SP: Are there specific construction companies in town that you are partnering with to set students up with apprenticeships?

Northern: We are currently working on building partnerships with the local trade unions and construction companies to support our participants.

SP: Do students get paid for the construction work while they are in the program?

Northern: YouthBuild members earn an average of $87 per week. They also can earn additional bonuses as they boost their reading and math levels.

SP: If someone is interested in becoming a part of YouthBuild, what is the application process like?

Northern: After submitting an application, applicants are then invited to a two-week “Mental Toughness” orientation. Mental Toughness is a team building, physical and mental activity-based program that will provide young people with an opportunity to work strategically within a team setting while demonstrating their ability to persevere through difficult circumstances. During Mental Toughness, applicants can expect to be exposed to a career interest inventory and job assessment screening, construction related experiences and presentations, leadership challenges, as well as several team building and dependability activities.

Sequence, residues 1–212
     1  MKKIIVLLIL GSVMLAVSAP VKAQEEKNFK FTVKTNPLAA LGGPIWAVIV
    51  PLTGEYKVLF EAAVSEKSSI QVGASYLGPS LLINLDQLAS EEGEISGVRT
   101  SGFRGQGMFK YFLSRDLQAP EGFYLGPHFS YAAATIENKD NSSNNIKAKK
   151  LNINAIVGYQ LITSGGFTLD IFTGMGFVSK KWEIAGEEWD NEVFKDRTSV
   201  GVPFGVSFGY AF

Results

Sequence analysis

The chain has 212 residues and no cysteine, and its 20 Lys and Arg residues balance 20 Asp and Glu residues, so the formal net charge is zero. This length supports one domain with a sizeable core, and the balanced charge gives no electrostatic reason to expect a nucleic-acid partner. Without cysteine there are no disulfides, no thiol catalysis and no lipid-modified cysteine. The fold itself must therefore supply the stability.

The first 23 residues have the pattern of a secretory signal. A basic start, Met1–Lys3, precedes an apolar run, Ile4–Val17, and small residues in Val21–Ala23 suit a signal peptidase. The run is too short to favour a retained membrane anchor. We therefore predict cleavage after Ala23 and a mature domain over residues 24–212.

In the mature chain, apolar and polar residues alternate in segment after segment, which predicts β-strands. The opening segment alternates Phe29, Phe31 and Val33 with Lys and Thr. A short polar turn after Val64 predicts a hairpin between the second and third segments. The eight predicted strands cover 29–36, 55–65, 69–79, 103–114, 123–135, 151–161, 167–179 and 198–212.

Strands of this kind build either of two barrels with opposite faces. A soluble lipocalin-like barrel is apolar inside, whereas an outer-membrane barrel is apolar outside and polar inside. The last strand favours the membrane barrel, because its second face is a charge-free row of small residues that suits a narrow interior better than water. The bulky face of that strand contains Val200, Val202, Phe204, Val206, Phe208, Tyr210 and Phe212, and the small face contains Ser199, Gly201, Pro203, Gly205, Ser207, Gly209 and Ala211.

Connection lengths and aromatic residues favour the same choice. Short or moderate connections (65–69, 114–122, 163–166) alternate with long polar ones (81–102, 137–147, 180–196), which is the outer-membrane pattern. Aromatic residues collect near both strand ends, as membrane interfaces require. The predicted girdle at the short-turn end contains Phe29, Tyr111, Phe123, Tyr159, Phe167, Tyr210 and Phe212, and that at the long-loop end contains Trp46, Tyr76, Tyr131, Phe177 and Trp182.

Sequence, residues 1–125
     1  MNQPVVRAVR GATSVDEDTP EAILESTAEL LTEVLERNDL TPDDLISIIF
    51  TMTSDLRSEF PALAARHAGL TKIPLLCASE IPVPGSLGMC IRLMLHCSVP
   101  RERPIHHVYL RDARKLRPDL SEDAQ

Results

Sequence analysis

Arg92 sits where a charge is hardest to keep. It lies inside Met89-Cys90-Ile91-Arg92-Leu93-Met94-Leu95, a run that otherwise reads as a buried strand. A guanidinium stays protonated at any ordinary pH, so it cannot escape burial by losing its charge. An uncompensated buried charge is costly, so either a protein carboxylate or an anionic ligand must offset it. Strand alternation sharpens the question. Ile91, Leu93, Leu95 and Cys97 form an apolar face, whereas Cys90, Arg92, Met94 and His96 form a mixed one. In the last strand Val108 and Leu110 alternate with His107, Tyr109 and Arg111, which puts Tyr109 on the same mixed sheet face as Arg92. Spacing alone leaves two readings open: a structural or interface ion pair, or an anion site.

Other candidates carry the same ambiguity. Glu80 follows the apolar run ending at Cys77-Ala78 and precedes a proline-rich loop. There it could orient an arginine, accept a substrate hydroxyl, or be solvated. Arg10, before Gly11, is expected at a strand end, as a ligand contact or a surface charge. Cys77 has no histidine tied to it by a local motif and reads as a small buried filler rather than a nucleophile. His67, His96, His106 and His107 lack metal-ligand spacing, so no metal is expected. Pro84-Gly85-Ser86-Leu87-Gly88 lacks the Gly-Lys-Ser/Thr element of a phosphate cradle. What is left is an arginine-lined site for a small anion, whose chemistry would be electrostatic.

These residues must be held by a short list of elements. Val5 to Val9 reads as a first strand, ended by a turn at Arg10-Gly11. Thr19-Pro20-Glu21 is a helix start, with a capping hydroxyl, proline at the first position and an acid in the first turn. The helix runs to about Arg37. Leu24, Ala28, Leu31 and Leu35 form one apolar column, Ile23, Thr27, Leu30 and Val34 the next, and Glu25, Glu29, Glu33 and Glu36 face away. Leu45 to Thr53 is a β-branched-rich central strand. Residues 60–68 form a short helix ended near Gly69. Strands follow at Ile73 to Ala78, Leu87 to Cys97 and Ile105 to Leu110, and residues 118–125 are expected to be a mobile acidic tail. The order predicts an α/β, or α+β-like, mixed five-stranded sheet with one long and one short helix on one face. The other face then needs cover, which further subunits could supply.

If some is interested in joining YouthBuild they can reach out to our Case Manager Jobie Taylor at jobiet@hacc.net and/or call him at 217-974-1327. For more information about the YouthBuild program, we encourage you to visit our website at www.hacc.net/youthbuild.

A computer screen showing a Zoom meeting with Rodney Davis, David Northern, and a group of students in a classroom. Photo provided by HACC.YouthBuild students spoke with Representative Rodney Davis, a supporter of the program, about the opportunities ahead of them and touched on the current civil unrest. Photo provided by HACC.

SP: How have you had to adapt programming due to COVID?

Northern: We’ve conducted our first mental toughness virtually through Zoom, and I must admit it was a success. We went through two weeks of mental toughness where we had various assignments for the youth to complete. The program launched on June 1st and we’ve been rotating days through Zoom and the classroom, but at the same time abiding by the social distancing as we meet.

A group of YouthBuild students and leaders, all in masks and orange t-shirts, stand in a group with both arms raised. Photo provided by HACC.CRIS Healthy-Aging Center of Champaign provided items which Housing Authority of Champaign YouthBuild packed and delivered to seniors: meals, masks, sanitizer, and other needed items during COVID-19. Photo provided by HACC.

SP: Who will find the most success in this program?

Northern: Youth between the ages of 16 and 24 who are high school dropouts, adjudicated youth, youth aging out of foster care, youth with disabilities, homeless youth, and other disconnected youth populations. Our program provides basic education, occupational training, and leadership training while addressing several core issues important to low-income communities: affordable housing, education, employment and leadership development.

Top photo provided by HACC.